New directions in market design
Start date: Aug 1, 2014,
End date: Jul 31, 2016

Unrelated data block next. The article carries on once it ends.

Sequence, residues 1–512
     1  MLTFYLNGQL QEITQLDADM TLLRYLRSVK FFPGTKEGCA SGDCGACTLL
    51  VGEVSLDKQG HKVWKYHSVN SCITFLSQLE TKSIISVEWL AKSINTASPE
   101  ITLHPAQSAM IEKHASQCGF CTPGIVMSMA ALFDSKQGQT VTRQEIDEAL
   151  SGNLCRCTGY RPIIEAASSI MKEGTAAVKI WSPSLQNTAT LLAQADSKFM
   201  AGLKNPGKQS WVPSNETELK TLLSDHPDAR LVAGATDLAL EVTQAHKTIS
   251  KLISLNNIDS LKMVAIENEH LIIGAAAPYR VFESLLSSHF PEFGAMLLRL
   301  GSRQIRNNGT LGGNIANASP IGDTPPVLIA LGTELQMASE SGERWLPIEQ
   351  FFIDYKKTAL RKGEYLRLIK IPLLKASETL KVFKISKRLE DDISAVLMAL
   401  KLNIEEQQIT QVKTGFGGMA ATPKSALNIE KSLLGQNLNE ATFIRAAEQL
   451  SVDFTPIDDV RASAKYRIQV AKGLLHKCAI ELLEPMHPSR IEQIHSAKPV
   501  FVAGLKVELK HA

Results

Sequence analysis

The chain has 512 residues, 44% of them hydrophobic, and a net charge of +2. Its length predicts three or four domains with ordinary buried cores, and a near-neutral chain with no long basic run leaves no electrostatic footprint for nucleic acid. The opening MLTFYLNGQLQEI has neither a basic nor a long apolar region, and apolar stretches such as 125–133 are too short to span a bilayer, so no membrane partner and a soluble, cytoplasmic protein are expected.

"Recent years have seen an increasing use of theoretically grounded market designs to solve important real-life matching problems. A key factor for these practical accomplishments is that matching theory has been successful in developing centralized mechanisms that are (1) stable, that is, give agents no incentive to contract outside the mechanism, and (2) strategy-proof for a significant subset of participants, that is, provide these economic agents with strong incentives to reveal their true preferences over available matching opportunities to the mechanism. This project aims to make significant progress towards solving two of the most important open questions in this research area.First, several high-profile practical applications have shown that there is scope for designing stable and strategy-proof mechanisms even when the weakest known sufficient conditions for the existence of such a mechanism are not satisfied. I aim to provide a complete characterization of the circumstances under which stability and strategy-proofness can be achieved by means of a centralized matching mechanism. Apart from providing a unifying explanation for all existing applications, the hoped for results can help to identify new real-world problems to which matching theory can be applied.Second, full centralization is not feasible for many important real-life matching markets. Decentralized markets often suffer from congestion, which induces strong incentives for participants to condition their behavior on available statistics about past market conditions. In the second part of this project, I plan to study the dynamic consequences of individual learning in decentralized matching markets using theoretical, empirical, and experimental methods. The key motivating application is a decentralized university admission system and my research has the potential to yield practically implementable advice on how to make such an admission process work more efficiently."
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